Many women who are interested in going into business are still put off by it being a traditionally male-dominated arena. According to the South African Woman in Corporate Leadership Census 2004, commissioned by the Businesswoman’ Association, woman make up 52% of the adult population in South Africa. But they only make up 41% of the working South African population, constitute only 14.7% of all executive managers and occupy only 7.1% seats on director’s boards. Percentages of woman business owners are even smaller.

Talana recommends joining the Businesswoman’s Association (BWA) to network the gain from the experience of woman in business. In 2003 Kim won the organization’s Start–up Business category award. Says Telana: “You don’t have to lose your femininity to make it in business. In other words you don’t have to become a man. Be yourself and don’t try to become what you think business is.”

She advises: “Once you’ve set up your own business, especially if you’re running it from home as in Kim’s case, discipline yourself. Have business hours and time for yourself and your family. There’s no reason why you should be working on weekends or overtime just because you’re working for yourself – unless of course you’re on deadline. You should be spending about 80% of your time working on your business and 20% in your business. “In other words, spend more time and energy strategising, advertising, financial planning, improving your business and so on.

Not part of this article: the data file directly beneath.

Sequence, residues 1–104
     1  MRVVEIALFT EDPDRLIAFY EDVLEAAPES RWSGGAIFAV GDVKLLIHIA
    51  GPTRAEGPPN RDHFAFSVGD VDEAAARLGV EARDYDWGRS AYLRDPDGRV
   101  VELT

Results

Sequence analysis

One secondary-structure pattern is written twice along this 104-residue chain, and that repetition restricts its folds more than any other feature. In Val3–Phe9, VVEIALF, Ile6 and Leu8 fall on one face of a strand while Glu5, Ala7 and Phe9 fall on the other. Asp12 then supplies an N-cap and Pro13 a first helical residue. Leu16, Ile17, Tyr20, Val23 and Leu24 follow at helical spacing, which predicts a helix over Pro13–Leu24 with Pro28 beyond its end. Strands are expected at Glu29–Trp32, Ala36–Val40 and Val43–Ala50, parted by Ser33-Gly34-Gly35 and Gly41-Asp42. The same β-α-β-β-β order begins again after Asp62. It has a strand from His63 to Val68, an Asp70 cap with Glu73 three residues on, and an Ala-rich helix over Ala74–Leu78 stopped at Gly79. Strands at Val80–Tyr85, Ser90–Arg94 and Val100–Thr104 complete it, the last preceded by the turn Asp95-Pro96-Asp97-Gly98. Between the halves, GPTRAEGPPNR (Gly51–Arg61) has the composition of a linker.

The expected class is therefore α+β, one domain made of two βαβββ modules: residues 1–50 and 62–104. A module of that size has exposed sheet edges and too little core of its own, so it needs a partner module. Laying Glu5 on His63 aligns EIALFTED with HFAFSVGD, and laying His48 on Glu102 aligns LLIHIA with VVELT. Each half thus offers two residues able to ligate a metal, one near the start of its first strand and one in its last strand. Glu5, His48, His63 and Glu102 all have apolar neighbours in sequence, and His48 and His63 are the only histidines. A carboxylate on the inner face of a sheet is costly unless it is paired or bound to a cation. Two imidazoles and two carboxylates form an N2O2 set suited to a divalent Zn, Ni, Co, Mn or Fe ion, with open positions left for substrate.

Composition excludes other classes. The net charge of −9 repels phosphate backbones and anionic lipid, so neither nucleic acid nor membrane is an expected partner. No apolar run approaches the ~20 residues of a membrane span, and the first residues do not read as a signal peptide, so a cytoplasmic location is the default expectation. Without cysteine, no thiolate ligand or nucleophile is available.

One lesson to take from the strong young women who are braving the world of business is that it will never be smooth-sailing. But you get out what you put in and often the rewards make it worth the struggle.

TIPS FOR STARTING YOUR OWN BUSINESS

  • Believe in yourself, your product or your service.
  • Find mentors - people who have done something similar of whom you can bounce ideas. Set up a support system.
  • Believe in yourself, your product or your service.
  • Find mentors - people who have done something similar of whom you can bounce ideas. Set up a support system.
  • Manage your social life, especially if you’re working from home.
  • Develop your ability to manage yourself and your finances.
  • Develop the right attitude to take risks.
  • Don’t become paralysed by striving for perfection.